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Brian McFadden debuts as New York Times cartoonist

As announced last week, Brian McFadden was tapped to be the featured regular cartoonist for the rework of the New York Times’ Week in Review. His first comic was entitled “The State of Unemployment” and appeared yesterday.

Michael Cavna interviewed Brian about the new arrangement:

“I’ve been given a lot of leeway,” says McFadden, whose online comics can be spiced with saltier language . “I was told what ‘Big Fat Whale’ comics the editors liked, and asked to do more stuff like that, but without swearing and keeping a wider, family audience in mind. In fact, this week’s comic went through the editing process without any changes.”

Because of that editing process, McFadden says he has to get script approval by midweek. “But that’s where weekly comics excel,” he says. “What they lack in immediacy, they make up for in exploring ideas in a deeper way, which I think is the goal of the Sunday Review.”

Community Comments

#1 August J. Pollak
June/27/2011
@ 7:43 am

Awesome debut. Congrats again Brian!

#2 Jeff Darcy
June/27/2011
@ 10:55 am

Great, but he left out block with the unemployed editorial
cartoonist….or was that the guy on the couch watching the hoarders marathon?

#3 b.j. Dewey
June/27/2011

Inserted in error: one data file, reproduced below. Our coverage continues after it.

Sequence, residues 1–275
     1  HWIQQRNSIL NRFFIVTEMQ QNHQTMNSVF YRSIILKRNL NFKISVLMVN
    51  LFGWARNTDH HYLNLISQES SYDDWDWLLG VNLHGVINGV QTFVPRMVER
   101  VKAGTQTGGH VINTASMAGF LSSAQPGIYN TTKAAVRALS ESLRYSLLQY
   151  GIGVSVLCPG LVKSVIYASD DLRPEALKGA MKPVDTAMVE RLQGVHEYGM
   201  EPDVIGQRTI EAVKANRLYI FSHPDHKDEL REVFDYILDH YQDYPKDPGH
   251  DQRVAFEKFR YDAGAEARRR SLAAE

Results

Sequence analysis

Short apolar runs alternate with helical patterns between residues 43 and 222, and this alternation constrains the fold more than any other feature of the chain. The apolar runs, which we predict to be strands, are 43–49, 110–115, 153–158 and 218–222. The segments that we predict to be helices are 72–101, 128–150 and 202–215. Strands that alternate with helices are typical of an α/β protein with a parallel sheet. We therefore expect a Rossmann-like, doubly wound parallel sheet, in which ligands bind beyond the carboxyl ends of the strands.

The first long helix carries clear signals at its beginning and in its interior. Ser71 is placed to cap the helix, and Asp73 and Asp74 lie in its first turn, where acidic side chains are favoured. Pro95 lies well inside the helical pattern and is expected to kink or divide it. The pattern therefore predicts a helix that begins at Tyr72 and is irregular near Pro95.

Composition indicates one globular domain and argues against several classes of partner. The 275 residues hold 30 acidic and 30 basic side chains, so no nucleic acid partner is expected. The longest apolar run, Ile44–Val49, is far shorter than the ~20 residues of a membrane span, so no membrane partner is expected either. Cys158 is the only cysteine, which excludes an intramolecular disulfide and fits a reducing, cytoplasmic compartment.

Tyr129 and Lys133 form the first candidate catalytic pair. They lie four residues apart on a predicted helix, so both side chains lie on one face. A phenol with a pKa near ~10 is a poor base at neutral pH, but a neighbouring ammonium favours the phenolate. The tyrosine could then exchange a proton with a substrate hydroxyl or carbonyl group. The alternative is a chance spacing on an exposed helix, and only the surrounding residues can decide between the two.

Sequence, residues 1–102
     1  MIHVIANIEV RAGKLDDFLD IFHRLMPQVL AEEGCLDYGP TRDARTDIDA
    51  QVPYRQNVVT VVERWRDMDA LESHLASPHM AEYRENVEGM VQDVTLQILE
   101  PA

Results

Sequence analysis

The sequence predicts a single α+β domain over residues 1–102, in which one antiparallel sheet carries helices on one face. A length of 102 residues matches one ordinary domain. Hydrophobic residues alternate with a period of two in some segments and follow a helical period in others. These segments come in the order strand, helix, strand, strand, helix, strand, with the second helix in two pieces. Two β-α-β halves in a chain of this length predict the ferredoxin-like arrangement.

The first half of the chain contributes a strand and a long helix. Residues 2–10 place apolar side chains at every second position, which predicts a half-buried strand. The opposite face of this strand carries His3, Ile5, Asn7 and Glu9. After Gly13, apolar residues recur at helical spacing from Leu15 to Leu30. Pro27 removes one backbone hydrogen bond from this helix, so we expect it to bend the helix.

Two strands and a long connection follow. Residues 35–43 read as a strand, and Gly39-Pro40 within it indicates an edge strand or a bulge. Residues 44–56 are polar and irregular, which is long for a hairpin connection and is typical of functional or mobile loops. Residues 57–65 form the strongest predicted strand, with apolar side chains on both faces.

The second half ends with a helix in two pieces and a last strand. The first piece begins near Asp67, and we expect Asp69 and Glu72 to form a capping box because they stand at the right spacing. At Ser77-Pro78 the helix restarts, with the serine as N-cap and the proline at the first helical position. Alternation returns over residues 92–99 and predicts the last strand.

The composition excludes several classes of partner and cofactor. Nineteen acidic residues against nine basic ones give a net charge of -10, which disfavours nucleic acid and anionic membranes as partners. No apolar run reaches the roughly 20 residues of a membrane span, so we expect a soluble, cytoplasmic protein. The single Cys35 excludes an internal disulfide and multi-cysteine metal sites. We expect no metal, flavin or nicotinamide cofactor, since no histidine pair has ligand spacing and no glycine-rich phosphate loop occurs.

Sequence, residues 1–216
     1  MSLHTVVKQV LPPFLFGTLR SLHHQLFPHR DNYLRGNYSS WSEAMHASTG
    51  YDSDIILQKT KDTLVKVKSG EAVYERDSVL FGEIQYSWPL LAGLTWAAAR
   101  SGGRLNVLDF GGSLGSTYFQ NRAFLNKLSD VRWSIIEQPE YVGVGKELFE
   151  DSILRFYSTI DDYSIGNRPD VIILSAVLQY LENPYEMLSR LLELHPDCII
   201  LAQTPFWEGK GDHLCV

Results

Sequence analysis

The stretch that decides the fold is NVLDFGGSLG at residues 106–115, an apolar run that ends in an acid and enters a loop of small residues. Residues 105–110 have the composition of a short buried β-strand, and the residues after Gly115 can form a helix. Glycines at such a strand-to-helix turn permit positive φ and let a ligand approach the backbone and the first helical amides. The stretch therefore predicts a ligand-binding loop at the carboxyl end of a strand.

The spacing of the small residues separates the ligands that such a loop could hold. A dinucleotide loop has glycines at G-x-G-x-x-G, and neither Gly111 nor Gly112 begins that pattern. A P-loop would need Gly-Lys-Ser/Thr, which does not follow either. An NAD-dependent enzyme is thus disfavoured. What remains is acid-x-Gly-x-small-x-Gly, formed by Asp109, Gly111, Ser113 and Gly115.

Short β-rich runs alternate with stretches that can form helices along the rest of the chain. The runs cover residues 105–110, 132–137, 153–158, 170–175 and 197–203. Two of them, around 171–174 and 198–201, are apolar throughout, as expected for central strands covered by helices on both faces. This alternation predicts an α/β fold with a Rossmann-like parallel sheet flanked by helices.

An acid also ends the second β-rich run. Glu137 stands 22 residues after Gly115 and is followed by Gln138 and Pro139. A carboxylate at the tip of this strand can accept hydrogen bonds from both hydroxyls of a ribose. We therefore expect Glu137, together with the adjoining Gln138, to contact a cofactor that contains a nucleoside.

@ 10:56 am

Setting aside, for a moment, the loss of the editorial cartoons, McFadden’s comic (and the Times’s smart selection of him) not only has this project off to a good start, but the promise of a new and brighter future for comics. As McFadden said in his interview with Cavna, “If this spurs editors at other papers to seek out more original work, it?ll be good for all cartoonists.?

Still, there’s the loss of those political cartoons and their replacement by one, and what that means for comics.

#4 Drew Litton
June/27/2011
@ 11:55 am

I thought Brian’s first one was very, very strong. Great concept. well conceived and in color as well. The Times they are a changing.
With news that the Denver Post continues to cut off their nose to spite their face (more comics being cut) it’s time for all of us to figure out ways to keep our profession alive. I think the Times adding something different is a great idea. Now if other papers will just follow suit and add a few local cartoons drawn exclusively for their readers we might be on to something.

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